True story–I’m in the very rubbery smelling “waiting room” (if you can call it that) of the Costco tire center right now. Searching for a treat to make that satisfies that line between heart-attack-by-chocolate-cake and semi-satisfying-chocolate-chip-granola-bar. Usually the latter just leaves me hankering to walk down the street to DQ for our 87th Blizzard of the summer.
Chocolate alone is not going to do the job. There has to be some kind of indulgent textural element to a sweet for it to really hit the spot. Spongy chocolate cake, fluffy buttercream icing, thick and creamy cheesecake–the common thread is not just descriptive adjectives, but the characteristics described by said adjectives. You know it when you taste it, and typically it’s a missing element in even a homemade chocolate chip granola bar.
Oh, and to be especially difficult, I want something quick. And easy. A frozen treat might do the trick, but I’m still pining for that ice cream maker. What about bananas? I have a couple sitting on my countertop right now. Somehow, 10 minutes later, after this whole dessert/treat train of thought began, I’m perusing Pinterest for chocolate covered banana pops, but they all call for plain old melted chocolate. I want something richer. Inviting peanut butter to the party sounds like a good answer, but will it set? Does peanut butter ganache set? Why did I just use the words “ganache” and “easy” in reference to the same recipe? Ganache, luckily, only sounds fancy. I happen to also have a little experience with adding peanut butter and it will, in fact, set. So here we have it. Peanut butter and heavy cream to provide that crucial rich dessert element and also soften the shell a bit, so I don’t end up with shattered bits of chocolate everywhere upon biting into one of these babies.
Flash forward a few hours. I escaped the tire center and whipped up a batch of these for after dinner. The really fun part was coating the pops in any topping around the kitchen–nuts, sprinkles, coconut…bacon. If you have bacon lying around, and sadly I did not, please try rolling one in maple syrup and bacon bits and send it to me on dry ice. In my head, there’s also a caramel drizzled version, but I didn’t feel like whipping up caramel sauce at this juncture, considering I’m the only one in the house who enjoys this sticky, impossible-yet-possible-to-dislike delight of melty, gooey sugar.
It’s pretty easy to impress Steve (and probably your children, nieces, or nephews) with anything coated in sprinkles. There was a lot more of these to love, though. Using ganache and peanut butter really did work to soften the coating, so even right out of the freezer, you’re not sinking your teeth into a shell that’s almost as impenetrable as a Nature Valley granola bar (rock-like, no?). You just get a nice, smooth chocolate shell with a hint of peanut butter, and the frozen banana takes on a creamy texture as it melts in your mouth. Basically, you need to experience these before summer is over, and I promise, given the ease of the recipe you won’t even know you just conquered chocolate ganache-making.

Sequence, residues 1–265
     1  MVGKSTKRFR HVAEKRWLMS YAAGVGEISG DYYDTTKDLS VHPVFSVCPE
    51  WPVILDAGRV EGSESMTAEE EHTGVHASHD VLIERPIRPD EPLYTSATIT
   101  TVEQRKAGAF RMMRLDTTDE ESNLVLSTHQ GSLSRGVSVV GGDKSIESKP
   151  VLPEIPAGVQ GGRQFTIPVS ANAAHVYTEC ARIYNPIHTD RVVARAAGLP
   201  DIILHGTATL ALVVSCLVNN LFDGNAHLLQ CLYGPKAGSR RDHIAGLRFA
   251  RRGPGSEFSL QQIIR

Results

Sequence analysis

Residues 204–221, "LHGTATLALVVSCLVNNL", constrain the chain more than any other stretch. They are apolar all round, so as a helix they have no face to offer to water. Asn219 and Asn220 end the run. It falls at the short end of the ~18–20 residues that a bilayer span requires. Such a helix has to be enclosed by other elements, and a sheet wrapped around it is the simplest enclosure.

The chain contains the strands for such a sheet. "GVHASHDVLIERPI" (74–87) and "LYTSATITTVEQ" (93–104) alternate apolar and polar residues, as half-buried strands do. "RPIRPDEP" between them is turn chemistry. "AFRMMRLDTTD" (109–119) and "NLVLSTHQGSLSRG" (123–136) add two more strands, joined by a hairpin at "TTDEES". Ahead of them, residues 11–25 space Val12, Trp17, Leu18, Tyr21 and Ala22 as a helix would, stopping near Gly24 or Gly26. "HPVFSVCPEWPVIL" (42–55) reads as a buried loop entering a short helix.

- 4 ripe bananas
- Toppings (optional): shredded coconut, chopped nuts, sprinkles, or whatever you can dream up!
- 6 oz. bittersweet or semisweet chocolate, chips or chopped small
- 1/2 C heavy whipping cream
- 1 – 2 T creamy peanut butter
- Equipment: popsicle or cake pop sticks (find them at craft stores)
- Peel the bananas and chop off the gross little end. Cut each banana in half crosswise. From the cut end, carefully insert a stick into each half, trying to get it most of the way through but not poking out the end. The banana may crack on the side slightly, but the chocolate will cover this later.
- Place in a dish, on waxed or parchment paper, in the freezer for a couple hours. Less freezing time may work, but I didn’t try it. Cold bananas will help the ganache set more quickly (so you can eat it more quickly).
- When you’re ready to finish the bananas, place your topping(s) on a plate or platter without a rim for easy rolling.
- In a small saucepan, heat the cream over medium until small bubbles form around the edge and it breaks a slight simmer. At this point, turn off the heat, then add the chocolate and peanut butter and stir, stir, stir! It will take a minute or two, and if you haven’t made ganache before you’ll think it failed, but the cream and chocolate will melt together and become shiny. No need for a whisk–I used a spoon. The ganache will stay liquid for a while, so you don’t have to be in a huge rush during the next step.
- Hold each banana over the pan and spoon ganache all over it. Then use your spoon to scrape off the excess as you hold the banana upside down. This will prevent lots of chocolate from getting all mixed in with your toppings.
- Lightly roll the coated banana in your topping of choice (spooning the toppings over it, if it’s easier). Lightly pat the toppings onto the banana if they’re not sticking. Shake off any excess toppings, then lay the banana back in the dish you froze it in. Repeat the process with the remaining bananas.
- Put back in the freezer until the ganache has hardened completely, only 10 minutes or so.
After doing the first four bananas, they started to thaw, so I put the whole tray, including the ones I already coated, back in the freezer for 10 minutes. During that time, the ganache stayed liquid.
If your ganache does firm up, just heat it over the lowest heat, stirring, until it liquifies again.
- Category: Dessert